And back in the day, every train had an “engineer” in the cab of the locomotive. Then robo-trains took over intra-airport service, and in the past decade they have appeared on subway lines in Copenhagen, Detroit, Tokyo, and other cities.
Quietly, automation has taken charge of many other life-and-death functions. It manages white-hot ribbons of steel that shoot through rolling mills. It guides lasers that sculpt the eye and scalpels that excise the prostate gland. It runs oceangoing freighters, the crews of which have shrunk by an order of magnitude in living memory. And, most obviously, it is mastering aerial warfare. Today, the U.S. military trains twice as many ground operators for its unmanned aerial vehicles (UAVs) as pilots for its military jets. Its UAVs started off by flying surveillance missions, then took on ground attack; now they are being readied to move cargo and evacuate wounded soldiers.
In the sphere of commercial flight, too, automation has thinned the cockpit crew from five to just the pilot and copilot, whose jobs it has greatly simplified. Do we even need those two? Many aviation experts think not. “A pilotless airliner is going to come; it’s just a question of when,” said James Albaugh, the president and CEO of Boeing Commercial Airlines, in a talk he gave in August at the AIAA Modeling and Simulation Technologies Conference, in Portland, Ore. “You’ll see it in freighters first, over water probably, landing very close to the shore.”
Later, when air-traffic control systems rise to the challenge, pilotless planes will carry stuff to your very doorstep. In the fullness of time, they’ll carry you.
Still, UAVs have yet to find a place in even the humblest parts of the aviation business—surveying traffic jams, say, or snooping on celebrity weddings. Such work has not yet been approved for routine purposes, even when the aircraft is small and controlled by a human on the ground—a man-machine meld that keeps a pilot in the loop. Why is it taking so long for the pilot to go the way of the elevator man?
Technical obstacles can be cited: Fully automated planes can’t yet visually identify nearby planes, and as for the remotely piloted ones, the civilian variety can’t communicate with ground stations, because they haven’t got enough bandwidth. “The name of your magazine is the underbelly of all the problems,” says Doug Davis, director of the unmanned aircraft program at New Mexico State University, in Las Cruces. “There’s not enough frequency spectrum. We have to compete for it with all these mobile phones and other demands.”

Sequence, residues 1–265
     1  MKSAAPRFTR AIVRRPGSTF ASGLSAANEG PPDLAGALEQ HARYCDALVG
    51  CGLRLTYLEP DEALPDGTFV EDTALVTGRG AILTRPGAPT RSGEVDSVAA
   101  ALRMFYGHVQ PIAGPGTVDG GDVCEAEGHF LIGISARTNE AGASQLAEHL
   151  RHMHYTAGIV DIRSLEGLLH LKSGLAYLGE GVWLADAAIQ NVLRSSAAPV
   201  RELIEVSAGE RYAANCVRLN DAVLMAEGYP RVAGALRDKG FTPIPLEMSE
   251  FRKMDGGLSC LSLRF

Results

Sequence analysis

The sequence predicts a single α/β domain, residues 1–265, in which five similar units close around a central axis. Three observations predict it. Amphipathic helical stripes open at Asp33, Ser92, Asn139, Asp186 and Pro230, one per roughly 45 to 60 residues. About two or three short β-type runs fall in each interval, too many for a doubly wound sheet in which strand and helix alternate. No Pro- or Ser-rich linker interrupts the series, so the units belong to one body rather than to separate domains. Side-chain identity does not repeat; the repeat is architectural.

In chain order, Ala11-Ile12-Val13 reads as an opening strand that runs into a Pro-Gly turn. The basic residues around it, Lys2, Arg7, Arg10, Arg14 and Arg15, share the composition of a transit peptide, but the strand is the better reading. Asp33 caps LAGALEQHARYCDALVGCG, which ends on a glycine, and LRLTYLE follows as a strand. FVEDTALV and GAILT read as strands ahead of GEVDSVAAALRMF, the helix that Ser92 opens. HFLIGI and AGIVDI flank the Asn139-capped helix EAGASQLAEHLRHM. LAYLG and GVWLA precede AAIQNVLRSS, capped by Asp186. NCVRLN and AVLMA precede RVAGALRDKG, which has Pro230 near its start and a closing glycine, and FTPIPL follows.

But technical problems are hardly the entire explanation. The military has proved this point time and again, by trusting automation to do things that few human pilots could do on a fair day and with a following wind. In a stealth aircraft, for instance, software fiddles from moment to moment with the flight-control surfaces; otherwise, the radar-eluding design would make the plane fall like a brick.
And for nearly two decades, automatic landing systems have been able to drop and stop a jet on the fog-shrouded deck of an aircraft carrier that’s barely twice as wide and three times as long as the jet’s wingspan—and the ship is moving. Meanwhile, the pilot sits in the cockpit, hands folded.
“Look, there’s no harder job for a pilot than landing on an aircraft carrier,” says Missy Cummings, a former jet jockey for the U.S. Navy and now an associate professor of aeronautics and astronautics at MIT. “It’s what Navy pilots have over those in the Air Force. And when I saw an F-18 land itself on an aircraft carrier, I knew my job was soon going to be over.” That was in 1994. Automation has gotten rather better since then.
In fact, the U.S. Army has now decided that if you can trust the life of a pilot to software, you can trust the life of a wounded soldier, too. It’s funding R&D into robotic medical evacuation vehicles. One such system, being developed by Piasecki Aircraft Corp. of Essington, Pa., and Carnegie Mellon University, is being designed around a system of sensors and software meant to launch and land a full-size helicopter on cluttered, unmapped ground and also fly the vehicle at low altitudes. Similar systems are under development in other countries. Israel’s Urban Aeronautics is experimenting with a pilotless medevac that uses four rotors shielded by cowling so that they won’t get tangled in shrubbery.
Given such advances, pilotless commercial flight is overdue, argues Cummings. Civilian UAVs could easily and profitably be deployed to survey infrastructure and carry cargo, she points out. And there’s no reason why software, alone or perhaps in conjunction with a quickly mobilized ground controller, couldn’t take over a piloted plane should something happen to both the pilot and the copilot. Already, she notes, an airliner’s software typically takes over flight seconds after takeoff, handles the landing—and most of what happens in between. The pilotst “babysits,” she says.
Of course, software that can meet only “most” of aviation’s challenges would hardly satisfy the afraid-of-flying landlubber. That’s why the pilot is still there, babysitting, until all the remaining kinks have been worked out. None of the problems are so bad as to prevent civilian pilotless planes from ever happening, but they are real, and they will have to be solved.
Food for thought and the most important part of the conversation is that in Europe, DHL has already initiated automated cargo flights. Imagine that….the future is here.
Have a good weekend, enjoy time with family and friends, and consider your options as we move forward with our series on the age of automation.
January 16, 2015